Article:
Shockingly High Salaries At Tech Startups

tech startups pay

The word "startup" for many people conjures up images of a newly formed tech company filled with young, not-too-well paid staffers who are hoping their stock options might be worth something someday.

But that's changing -- at least in tech hotspots, such as Silicon Valley, according to a new online interactive tool by financial adviser Wealthfront (via CNet). The tool, which includes data supplied by nearly 8,400 "non-executives" at 135 privately held technology companies, shows that workers with skills in short supply -- such as software engineers -- can earn six-figure salaries as startups compete to attract and keep talented employees.

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How much could you expect to earn at a tech startup? A lot depends on the type of work you're capable of and how long you've been doing it, along with where in the U.S. you work and the size of the company that's looking to hire.

Wealthfront says that its data show that the mean cash compensation (which discounts extraordinarily high and low salaries) at all tech startups across the country was $112,000. And CNet notes this curious finding: Despite the huge demand for engineers in Silicon Valley, jobs in the Northeast pay more, presumably because companies are competing with Wall Street firms for talent.

But it isn't only high-tech jobs that pay well, as Wealthfront's data reveals. Check out the salaries for these high-tech and not-so-high-tech positions at startups.

  • Software Engineer: $124,000*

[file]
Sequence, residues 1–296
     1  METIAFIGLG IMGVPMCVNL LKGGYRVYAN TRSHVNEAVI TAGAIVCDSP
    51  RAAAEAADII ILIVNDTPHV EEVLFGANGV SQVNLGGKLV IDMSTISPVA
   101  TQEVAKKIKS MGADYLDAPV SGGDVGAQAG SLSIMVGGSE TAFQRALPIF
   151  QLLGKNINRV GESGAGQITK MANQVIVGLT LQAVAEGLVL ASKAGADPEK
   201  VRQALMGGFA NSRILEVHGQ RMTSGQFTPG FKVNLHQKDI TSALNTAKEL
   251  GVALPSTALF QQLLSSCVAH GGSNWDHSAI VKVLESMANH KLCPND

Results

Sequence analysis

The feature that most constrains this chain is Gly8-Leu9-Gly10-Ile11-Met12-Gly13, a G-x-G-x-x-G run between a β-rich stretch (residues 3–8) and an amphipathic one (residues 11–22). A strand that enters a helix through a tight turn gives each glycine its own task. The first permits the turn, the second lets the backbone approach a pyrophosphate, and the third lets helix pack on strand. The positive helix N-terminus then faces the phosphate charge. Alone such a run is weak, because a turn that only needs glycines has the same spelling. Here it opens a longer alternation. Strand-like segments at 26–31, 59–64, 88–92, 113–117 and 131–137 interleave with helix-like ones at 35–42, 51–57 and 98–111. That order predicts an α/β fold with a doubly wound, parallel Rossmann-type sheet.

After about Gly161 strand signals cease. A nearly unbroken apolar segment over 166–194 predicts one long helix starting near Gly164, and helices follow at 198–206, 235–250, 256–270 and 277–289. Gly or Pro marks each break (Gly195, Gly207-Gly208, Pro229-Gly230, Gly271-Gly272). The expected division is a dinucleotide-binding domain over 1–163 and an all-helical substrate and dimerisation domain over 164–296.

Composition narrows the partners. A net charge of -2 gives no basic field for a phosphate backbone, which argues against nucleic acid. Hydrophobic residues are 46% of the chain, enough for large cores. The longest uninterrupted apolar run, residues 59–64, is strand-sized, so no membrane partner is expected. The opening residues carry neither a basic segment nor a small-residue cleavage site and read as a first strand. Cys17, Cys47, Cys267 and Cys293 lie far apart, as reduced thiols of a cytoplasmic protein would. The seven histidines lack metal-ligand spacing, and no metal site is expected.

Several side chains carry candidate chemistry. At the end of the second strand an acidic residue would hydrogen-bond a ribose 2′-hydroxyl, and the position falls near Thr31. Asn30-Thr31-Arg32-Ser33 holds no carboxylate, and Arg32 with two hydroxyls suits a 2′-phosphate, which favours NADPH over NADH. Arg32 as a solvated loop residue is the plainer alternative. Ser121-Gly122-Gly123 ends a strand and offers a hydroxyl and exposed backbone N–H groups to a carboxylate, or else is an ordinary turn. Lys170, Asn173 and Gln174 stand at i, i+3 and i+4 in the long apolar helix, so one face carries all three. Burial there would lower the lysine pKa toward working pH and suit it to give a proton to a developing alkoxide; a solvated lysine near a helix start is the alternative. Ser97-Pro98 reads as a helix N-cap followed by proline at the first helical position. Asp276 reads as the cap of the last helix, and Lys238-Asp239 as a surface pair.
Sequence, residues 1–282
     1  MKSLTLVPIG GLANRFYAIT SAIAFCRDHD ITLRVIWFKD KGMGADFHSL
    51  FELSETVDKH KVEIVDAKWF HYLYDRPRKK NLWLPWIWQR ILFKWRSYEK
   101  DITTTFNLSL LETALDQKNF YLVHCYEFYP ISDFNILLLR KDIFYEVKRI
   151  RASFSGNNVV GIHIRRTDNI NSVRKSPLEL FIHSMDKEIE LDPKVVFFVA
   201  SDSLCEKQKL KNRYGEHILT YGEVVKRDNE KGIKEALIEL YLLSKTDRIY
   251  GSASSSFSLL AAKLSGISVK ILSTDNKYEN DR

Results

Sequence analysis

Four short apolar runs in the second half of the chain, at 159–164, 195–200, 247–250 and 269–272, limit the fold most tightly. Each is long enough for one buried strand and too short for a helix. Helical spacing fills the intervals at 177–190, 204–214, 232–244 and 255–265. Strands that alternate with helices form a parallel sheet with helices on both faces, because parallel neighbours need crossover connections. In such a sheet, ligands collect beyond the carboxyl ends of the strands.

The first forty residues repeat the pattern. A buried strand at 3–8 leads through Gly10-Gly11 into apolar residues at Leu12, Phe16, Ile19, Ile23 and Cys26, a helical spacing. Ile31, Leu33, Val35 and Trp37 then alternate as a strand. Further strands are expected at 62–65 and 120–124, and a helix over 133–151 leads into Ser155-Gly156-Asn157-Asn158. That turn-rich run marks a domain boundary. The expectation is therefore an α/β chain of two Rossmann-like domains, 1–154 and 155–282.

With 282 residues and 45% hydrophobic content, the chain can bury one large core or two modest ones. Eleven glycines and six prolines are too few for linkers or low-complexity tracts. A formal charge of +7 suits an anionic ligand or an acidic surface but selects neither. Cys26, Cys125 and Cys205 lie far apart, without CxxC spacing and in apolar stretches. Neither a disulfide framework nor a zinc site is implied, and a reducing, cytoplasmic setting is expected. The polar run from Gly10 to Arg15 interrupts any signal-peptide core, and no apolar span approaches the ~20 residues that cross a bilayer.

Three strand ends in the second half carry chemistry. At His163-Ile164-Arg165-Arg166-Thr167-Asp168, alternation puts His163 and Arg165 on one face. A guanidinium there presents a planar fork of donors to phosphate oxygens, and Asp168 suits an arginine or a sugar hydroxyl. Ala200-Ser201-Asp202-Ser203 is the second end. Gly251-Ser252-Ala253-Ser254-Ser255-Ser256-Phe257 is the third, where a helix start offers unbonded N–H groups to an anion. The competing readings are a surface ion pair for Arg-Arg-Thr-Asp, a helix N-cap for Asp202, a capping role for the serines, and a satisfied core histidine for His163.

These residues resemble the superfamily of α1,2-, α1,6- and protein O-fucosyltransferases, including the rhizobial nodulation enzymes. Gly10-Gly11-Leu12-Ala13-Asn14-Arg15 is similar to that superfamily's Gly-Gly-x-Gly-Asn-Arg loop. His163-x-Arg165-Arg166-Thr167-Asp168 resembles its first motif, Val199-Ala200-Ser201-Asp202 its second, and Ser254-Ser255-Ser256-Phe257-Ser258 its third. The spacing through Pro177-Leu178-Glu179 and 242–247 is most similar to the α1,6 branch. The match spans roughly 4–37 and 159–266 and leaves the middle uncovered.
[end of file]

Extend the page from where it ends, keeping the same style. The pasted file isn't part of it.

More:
• Human Resources: $105,000
  • Marketing: $95,000
  • Sales: $220,000

*Note: Salaries shown are for mid-career professionals at the 75th percentile, which means that 75 percent of workers in this profession earned less, while 25 percent earned more.

For many more jobs and other options check out Wealthfront's salary tool below.





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David Schepp

Staff Writer

David Schepp has spent more than a dozen years covering business news for the electronic and print media, including Dow Jones Newswires, BBC News, Gannett Co., and most recently at AOL's DailyFinance. Nearly 10 years ago, he started writing a weekly People@Work column, looking in depth at issues facing workers in today's workplace. The syndicated column appeared in newspapers and websites nationwide before it made its debut on DailyFinance in 2010. Schepp now continues that tradition at Aol Jobs, covering the jobs beat and providing readers insight and analysis into the nation's challenging employment scene.

Schepp holds a Bachelor of Arts degree in journalism from Metropolitan State College of Denver.

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Dave Jenkins

Lusterusa - I think that the author used the term shocking in the sense that the amounts are much higher than most people's perception. This is not to say they are shocking in a bad way, just more than one would presume.

I agree with you completely that companies that make billions will pay their employees highly - if they don't they will go to someone else who will!

October 01 2012 at 5:47 AM Report abuse rate up rate down Reply
lusterusa

whats shocking about people being compensated properly to make companies millions and billions of dollars...I don't quite understand the social commentary that people don't deserve to be paid well...when companies are making record profits

September 22 2012 at 1:43 PM Report abuse rate up rate down Reply
lusterusa

whats shocking about people being compensated properly to make companies millions and billions of dollars...I don't quite understand the social commentary that people don't deserve to be paid well...when companies are making record profits

September 22 2012 at 1:38 PM Report abuse rate up rate down Reply

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